MAXWELL DAVENPORT TAYLOR was born in Keytesville, Missouri, on 26 August 1901; graduated from the United States Military Academy, 1922; was commissioned a second lieutenant of engineering, June 1922, and attended his branch course; served in Hawaii with the 3d Engineers, 1923–1926; married Lydia Gardner Hopper, 1925; transferred to field artillery and served with the 10th Field Artillery, 1926–1927; was promoted to first lieutenant, February 1927; studied French in Paris and was instructor in French and later Spanish at West Point, 1927–1932; graduated from the Field Artillery School at Fort Sill, 1933, and the Command and General Staff School at Fort Leavenworth, 1935; was promoted to captain, August 1935; was a student of Japanese at the American embassy in Tokyo, 1935–1939, with detached military attache duty at Peking, China, 1937; graduated from the Army War College, 1940; was promoted to permanent major, July 1940; served in the War Plans Division and on a Hemisphere defense mission to Latin American countries, 1940; commanded the 12th Field Artillery Battalion, 1940–1941; served in the Office of the Secretary of the General Staff, 1941–1942; received temporary promotions to lieutenant colonel, December 1941, colonel, February 1942, and brigadier general, December 1942; was chief of staff of the 82d Airborne Division, 1942, then its artillery commander in operations in Sicily and Italy, 1942–1944; received temporary promotion to major general, May 1944; commanded the 101st Airborne Division in the Normandy invasion and the Western European campaigns, 1944–1945; was promoted to permanent lieutenant colonel, June 1945, and brigadier general, January 1948; was chief of staff of the European Command, 1949, and commander of the United States forces in Berlin, 1949–1951; was promoted to temporary lieutenant general and permanent major general, August 1951; was assistant chief of staff for operations, G–3, and deputy chief of staff for operations and administration, 1951–1953; was promoted to temporary general, June 1953; was commander of the Eighth Army in the final operations of the Korean War, 1953; initiated the Korean armed forces assistance program, 1953–1954; commanded United States Forces, Far East, and the Eighth Army 1954–1955, and was commander in chief, United Nations Command, 1955; was chief of staff of the United States Army, 30 June 1955–30 June 1959; opposed dependence upon a massive retaliation doctrine, pushed for an increase in conventional forces to ensure a capability of flexible response, guided the transition to a "pentomic" concept, and directed Army participation in sensitive operations at Little Rock, Lebanon, Taiwan, and Berlin; retired from active service, July 1959; was recalled as chairman of the Joint Chiefs of Staff, 1962–1964; again retired; became ambassador to South Vietnam, 1964–1965; was special consultant to the president and chairman of the Foreign Intelligence Advisory Board, 1965–1969; was president of the Institute of Defense Analysis, 1966–1969; died in Washington, D.C., on 19 April 1987.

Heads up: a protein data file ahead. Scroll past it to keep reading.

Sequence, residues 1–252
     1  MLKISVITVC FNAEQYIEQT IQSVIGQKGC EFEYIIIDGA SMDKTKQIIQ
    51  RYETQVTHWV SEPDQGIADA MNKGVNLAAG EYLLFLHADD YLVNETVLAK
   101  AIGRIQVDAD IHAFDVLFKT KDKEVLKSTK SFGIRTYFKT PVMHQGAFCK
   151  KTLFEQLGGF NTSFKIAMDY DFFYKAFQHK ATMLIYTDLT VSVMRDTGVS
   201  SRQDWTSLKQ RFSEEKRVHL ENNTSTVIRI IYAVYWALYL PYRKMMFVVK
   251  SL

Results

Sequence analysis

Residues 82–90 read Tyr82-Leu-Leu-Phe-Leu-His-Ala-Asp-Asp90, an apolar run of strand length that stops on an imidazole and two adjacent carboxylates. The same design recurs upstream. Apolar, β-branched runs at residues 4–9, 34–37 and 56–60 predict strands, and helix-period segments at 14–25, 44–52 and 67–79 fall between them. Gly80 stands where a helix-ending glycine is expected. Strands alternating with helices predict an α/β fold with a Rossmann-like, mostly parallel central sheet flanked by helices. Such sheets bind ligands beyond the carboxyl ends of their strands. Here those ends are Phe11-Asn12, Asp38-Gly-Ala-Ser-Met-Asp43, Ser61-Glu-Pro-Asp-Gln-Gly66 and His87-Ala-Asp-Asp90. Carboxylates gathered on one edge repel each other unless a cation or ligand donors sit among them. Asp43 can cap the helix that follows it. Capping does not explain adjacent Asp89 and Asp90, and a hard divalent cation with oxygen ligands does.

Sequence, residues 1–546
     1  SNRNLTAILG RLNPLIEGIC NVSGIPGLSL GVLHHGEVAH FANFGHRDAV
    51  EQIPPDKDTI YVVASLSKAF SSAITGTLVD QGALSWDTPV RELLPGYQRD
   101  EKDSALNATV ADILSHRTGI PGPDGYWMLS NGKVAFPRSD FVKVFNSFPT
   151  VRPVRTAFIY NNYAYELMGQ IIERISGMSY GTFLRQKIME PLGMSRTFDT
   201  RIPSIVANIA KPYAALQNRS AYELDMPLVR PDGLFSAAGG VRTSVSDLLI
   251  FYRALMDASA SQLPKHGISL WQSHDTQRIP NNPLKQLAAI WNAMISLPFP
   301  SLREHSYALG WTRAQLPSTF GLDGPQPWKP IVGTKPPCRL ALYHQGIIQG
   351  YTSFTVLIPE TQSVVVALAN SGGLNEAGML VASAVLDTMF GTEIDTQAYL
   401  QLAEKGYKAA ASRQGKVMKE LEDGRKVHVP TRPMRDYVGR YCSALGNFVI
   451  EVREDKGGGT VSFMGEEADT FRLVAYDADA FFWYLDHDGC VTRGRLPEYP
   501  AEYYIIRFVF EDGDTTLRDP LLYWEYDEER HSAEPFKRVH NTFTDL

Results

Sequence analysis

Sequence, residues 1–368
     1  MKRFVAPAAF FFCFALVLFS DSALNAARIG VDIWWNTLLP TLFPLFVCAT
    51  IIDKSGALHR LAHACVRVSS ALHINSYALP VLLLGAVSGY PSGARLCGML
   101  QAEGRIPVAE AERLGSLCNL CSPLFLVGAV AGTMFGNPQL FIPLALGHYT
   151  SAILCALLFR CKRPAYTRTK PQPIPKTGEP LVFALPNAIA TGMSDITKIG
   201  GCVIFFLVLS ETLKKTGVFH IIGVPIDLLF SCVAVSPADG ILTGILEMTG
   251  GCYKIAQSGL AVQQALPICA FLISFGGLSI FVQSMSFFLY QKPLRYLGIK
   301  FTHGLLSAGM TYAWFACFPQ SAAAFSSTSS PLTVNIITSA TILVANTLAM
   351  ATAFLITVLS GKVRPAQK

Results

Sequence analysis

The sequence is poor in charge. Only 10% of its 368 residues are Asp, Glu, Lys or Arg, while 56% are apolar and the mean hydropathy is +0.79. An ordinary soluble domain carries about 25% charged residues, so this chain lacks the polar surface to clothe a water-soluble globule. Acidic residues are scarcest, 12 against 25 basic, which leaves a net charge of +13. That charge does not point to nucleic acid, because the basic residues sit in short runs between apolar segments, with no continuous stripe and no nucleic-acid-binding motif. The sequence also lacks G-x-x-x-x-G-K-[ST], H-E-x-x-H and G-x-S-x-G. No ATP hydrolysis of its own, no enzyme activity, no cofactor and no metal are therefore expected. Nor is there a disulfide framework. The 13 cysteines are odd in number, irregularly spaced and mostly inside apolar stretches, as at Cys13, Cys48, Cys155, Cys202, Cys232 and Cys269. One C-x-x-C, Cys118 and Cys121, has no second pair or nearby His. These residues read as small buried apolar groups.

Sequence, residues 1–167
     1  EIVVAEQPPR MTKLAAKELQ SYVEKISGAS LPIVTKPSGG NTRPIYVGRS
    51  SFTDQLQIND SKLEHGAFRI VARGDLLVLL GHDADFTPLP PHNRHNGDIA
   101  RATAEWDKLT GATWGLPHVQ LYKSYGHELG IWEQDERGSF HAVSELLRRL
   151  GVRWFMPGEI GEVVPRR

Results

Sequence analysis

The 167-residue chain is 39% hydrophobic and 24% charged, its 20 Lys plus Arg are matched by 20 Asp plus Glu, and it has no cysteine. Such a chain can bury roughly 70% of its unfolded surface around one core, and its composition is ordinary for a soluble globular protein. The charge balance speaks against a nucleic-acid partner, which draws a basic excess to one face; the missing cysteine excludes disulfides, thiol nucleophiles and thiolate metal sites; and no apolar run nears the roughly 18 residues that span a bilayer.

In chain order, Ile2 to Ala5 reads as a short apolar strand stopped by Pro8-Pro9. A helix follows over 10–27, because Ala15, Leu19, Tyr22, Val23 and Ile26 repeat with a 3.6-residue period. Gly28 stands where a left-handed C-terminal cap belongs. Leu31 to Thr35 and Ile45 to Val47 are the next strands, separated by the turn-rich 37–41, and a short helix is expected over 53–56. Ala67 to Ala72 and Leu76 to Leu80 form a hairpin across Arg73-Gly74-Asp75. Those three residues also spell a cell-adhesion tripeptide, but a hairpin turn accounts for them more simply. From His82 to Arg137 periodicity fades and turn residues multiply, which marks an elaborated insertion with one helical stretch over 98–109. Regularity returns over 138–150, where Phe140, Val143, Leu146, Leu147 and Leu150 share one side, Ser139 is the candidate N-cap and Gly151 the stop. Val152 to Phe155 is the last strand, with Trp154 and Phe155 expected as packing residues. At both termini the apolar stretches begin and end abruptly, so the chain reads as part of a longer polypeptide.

Bjorn Peter Egeli (1900–1984) was born in Horten, Norway. He attended school there until his mid-teens, when he came to the United States. During the 1920s he studied at the Miller Art School in Brooklyn, New York, and then attended the Corcoran School of Art in Washington, D.C., where he graduated with top honors after four years of tutelage under such leading instructors as Richard Meryman, Eugen Weisz, S. Burtis Baker, and Mathilda Leisenring. Mr. Egeli, whose son, Cedric Baldwin Egeli, is also a contributor to the Chiefs of Staff Portrait Gallery at the Pentagon, Washington, D.C. The portrait of General Maxwell D. Taylor is reproduced from the Army Art Collection.
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